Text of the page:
Cognitive Performance and the Menstrual Cycle

Part of the Contributions to Psychology and Medicine book series (CONTRIBUTIONS)


The headline on the New York Times declared: “Female sex hormone is tied to ability to perform tasks” (“Female sex hormone...,” 1988). It was on the front page where everyone glancing at a newsstand copy would see it—right next to a photograph of the President of the United States. My own local newspaper announced “Sex hormones, women’s thinking linked in study” (“Sex hormones...,” 1988). The sex hormones in question were those that fluctuate during the menstrual cycle, and the conclusion was based upon a study of women’s performance across the menstrual cycle. Previous reviews had indicated that the menstrual cycle has virtually no impact on objectively measured cognitive performance (Sommer, 1982a, 1983), a conclusion similar to that of Hollingworth’s dissertation in 1914, of Lough’s dissertation in 1937, and of Seward’s 1944 review article in Psychological Bulletin. Nevertheless, at the end of 1988, it was news. This readiness to connect intellectual impairment with the menstrual cycle underscores the point made by John Richardson toward the end of Chapter 1, that there is a persistent and widespread popular belief in the notion of paramenstrual cognitive debilitation.


Menstrual Cycle Choice Reaction Time Phase Effect Menstrual Cycle Phase Premenstrual Symptom 
These keywords were added by machine and not by the authors. This process is experimental and the keywords may be updated as the learning algorithm improves.


Unable to display preview. Download preview PDF.

Unable to display preview. Download preview PDF.


  1. Alagna, S., & Hamilton, J.A. (1986). Social stimulus perception and self-evaluation: Effect of menstrual cycle phase. Psychology of Women Quarterly, 10, 327–337.CrossRefGoogle Scholar
  2. Altemus, M., Wexler, B.E., & Boulis, N. (1989). Changes in perceptual asymmetry with the menstrual cycle. Neuropsychologia, 17, 233–240.CrossRefGoogle Scholar
  3. Altenhaus, A.L. (1978). The effect of expectancy for change on performance during the menstrual cycle. Dissertation Abstracts International, 39, 968B.Google Scholar
  4. Asso, D. (1985–1986). Psychology degree examinations and the premenstrual phase of the menstrual cycle. Women and. Health, 10, 91–104.CrossRefGoogle Scholar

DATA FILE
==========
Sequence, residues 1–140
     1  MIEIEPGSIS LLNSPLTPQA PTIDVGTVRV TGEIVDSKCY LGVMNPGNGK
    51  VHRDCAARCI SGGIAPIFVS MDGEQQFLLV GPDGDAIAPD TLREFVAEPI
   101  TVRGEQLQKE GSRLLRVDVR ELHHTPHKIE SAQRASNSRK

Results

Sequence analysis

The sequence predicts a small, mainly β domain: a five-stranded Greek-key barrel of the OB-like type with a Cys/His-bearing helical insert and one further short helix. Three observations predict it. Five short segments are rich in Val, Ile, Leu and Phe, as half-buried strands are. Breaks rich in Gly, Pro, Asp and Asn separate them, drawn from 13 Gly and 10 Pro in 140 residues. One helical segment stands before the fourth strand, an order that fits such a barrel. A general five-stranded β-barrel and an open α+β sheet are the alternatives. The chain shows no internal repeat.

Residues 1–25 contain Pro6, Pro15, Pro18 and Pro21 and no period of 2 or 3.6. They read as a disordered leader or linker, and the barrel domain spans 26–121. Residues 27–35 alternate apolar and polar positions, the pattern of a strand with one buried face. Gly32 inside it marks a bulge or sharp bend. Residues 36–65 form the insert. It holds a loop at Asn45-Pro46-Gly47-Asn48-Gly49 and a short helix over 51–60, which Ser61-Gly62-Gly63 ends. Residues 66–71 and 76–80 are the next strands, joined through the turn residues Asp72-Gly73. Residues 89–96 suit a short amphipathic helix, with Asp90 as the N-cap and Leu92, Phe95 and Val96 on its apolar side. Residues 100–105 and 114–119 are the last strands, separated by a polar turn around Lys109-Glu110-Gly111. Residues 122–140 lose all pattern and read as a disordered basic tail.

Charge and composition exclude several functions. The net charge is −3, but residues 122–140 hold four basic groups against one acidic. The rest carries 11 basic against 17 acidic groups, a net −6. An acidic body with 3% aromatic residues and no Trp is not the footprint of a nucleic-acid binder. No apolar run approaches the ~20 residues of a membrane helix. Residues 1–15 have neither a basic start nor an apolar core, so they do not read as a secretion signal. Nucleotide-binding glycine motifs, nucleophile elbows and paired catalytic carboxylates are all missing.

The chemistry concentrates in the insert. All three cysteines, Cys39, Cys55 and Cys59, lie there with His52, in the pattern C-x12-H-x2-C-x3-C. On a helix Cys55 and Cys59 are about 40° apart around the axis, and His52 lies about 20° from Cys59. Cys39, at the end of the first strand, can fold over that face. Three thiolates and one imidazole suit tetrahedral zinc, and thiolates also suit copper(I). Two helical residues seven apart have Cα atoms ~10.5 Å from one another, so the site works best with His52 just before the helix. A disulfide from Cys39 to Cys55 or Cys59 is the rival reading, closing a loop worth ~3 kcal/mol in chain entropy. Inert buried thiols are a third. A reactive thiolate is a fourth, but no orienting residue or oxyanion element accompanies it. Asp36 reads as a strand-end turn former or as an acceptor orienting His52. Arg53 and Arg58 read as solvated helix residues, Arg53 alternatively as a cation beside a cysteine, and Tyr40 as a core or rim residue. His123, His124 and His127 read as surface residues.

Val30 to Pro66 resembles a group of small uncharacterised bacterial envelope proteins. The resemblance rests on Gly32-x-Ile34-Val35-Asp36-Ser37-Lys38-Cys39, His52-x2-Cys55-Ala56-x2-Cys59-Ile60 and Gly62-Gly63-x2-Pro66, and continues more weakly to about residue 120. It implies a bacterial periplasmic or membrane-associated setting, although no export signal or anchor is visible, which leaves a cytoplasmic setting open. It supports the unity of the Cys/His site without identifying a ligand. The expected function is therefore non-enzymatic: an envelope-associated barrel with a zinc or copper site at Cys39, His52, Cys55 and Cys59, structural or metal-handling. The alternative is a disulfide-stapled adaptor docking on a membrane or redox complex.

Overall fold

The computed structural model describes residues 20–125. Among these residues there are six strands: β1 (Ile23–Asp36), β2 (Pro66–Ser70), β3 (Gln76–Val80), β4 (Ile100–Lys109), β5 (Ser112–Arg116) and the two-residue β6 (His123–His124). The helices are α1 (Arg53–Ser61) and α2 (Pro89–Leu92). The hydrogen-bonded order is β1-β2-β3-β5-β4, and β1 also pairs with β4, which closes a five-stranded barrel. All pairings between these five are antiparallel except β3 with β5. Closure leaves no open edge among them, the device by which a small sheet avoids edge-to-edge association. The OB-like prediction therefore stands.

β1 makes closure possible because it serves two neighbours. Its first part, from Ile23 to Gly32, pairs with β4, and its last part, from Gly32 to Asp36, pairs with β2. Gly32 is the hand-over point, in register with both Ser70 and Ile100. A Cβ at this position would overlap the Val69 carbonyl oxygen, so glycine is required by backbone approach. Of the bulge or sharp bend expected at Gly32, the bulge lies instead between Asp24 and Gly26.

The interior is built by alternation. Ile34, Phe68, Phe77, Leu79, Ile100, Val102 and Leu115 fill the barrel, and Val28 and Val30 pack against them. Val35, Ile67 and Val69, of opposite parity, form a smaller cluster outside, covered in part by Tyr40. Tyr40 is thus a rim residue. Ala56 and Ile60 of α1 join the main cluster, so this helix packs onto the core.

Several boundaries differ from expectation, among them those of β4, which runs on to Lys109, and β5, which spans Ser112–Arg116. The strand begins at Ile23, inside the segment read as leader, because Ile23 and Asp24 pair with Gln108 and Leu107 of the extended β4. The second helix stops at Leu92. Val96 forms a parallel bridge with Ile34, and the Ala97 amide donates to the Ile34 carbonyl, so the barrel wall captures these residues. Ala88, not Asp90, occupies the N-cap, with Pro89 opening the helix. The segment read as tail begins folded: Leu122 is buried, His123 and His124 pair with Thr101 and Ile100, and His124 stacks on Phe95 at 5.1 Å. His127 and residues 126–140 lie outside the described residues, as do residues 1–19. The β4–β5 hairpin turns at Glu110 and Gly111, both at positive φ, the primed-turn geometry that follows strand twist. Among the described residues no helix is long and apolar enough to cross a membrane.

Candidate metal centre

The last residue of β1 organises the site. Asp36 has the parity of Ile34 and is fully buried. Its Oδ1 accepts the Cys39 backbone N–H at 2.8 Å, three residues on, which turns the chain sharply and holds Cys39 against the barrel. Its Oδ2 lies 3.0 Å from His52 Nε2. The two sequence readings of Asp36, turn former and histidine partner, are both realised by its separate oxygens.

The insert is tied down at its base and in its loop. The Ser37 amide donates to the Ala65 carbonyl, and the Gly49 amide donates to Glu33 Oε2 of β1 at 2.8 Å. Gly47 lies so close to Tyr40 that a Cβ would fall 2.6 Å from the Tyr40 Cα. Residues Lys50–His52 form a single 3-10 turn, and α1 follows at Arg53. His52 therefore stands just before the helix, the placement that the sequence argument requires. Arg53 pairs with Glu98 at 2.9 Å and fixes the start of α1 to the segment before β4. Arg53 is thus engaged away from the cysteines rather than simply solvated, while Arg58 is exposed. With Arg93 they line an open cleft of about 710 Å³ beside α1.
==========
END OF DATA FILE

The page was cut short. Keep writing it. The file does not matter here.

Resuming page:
5. Asso, D., & Braier, J.R. (1982). Changes with the menstrual cycle in psychophysiological and self-report measures of activation. Biological Psychology, 15, 95–107.PubMedCrossRefGoogle Scholar
  6. Baisden, A.G., & Gibson, R.S. (1975). Effects of the menstrual cycle on the performance of complex perceptual-psychomotor tasks. In Proceedings of the Human Factors Society 19th annual meeting, (pp. 415–417), Santa Monica, CA.Google Scholar
  7. Barratt, C.L.R., Cooke, S., Chouhan, M., & Cooke, I.D. (1989). A prospective randomized controlled trial comparing urinary luteinizing hormone dipsticks and bssal body temperature charts with time donor insemination. Fertility and Sterility, 52, 394–397.PubMedGoogle Scholar
  8. Bauman, J.E. (1981). Basal body temperature: Unreliable method of ovulation detection. Fertility and Sterility, 36, 729–733.PubMedGoogle Scholar
  9. Becker, D., Creutzfeldt, O.D., Schwibbe, M., & Wuttke, W. (1982). Changes in physiological, EEG and psychological parameters in women during the spontaneous menstrual cycle and following oral contraceptives. Psychoneuroendocrinology, 7, 75–90.PubMedCrossRefGoogle Scholar
  10. Bernstein, B.E. (1977). Effect of menstruation on academic performance among college women. Archives of Sexual Behavior, 6, 289–296.PubMedCrossRefGoogle Scholar
  11. Broverman, D., Vogel, W., Klaiber, E.L., Majcher, D., Shea, D., & Paul, V. (1981). Changes in cognitive task performance across the menstrual cycle. Journal of Comparative and Physiological Psychology, 95, 646–654.PubMedCrossRefGoogle Scholar
  12. Brown, I.S., Forand, A.W., & Payne, R.B. (1984). Hormonal influences on psychomotor reminiscence. Perceptual and Motor Skills, 58, 383–389.PubMedCrossRefGoogle Scholar
  13. Colley, A.M., & Beech, J.R. (Eds.) (1989). Acquisition and performance of cognitive skills. Chichester, England: Wiley.Google Scholar
  14. Cooper, J.A., Blue, J.H., & Ross, S. (1983). Automatization and perceptual restructuring performance across the menstrual cycle. Bulletin of the Psychonomic Society, 21, 179–182.Google Scholar
  15. Cormack, M., & Sheldrake, P. (1974). Menstrual cycle variations in cognitive ability: A preliminary report. International Journal of Chronobiology, 2, 53–55.PubMedGoogle Scholar
  16. Curry, R.N. (1983). The effect of the reproductive cycle on the perception of social interactions. Dissertation Abstracts International, 43, 3402B.Google Scholar
  17. Dalton, K. (1960a). Effect of menstruation on schoolgirls’ weekly work. British Medical Journal, 1, 326–328.PubMedCrossRefGoogle Scholar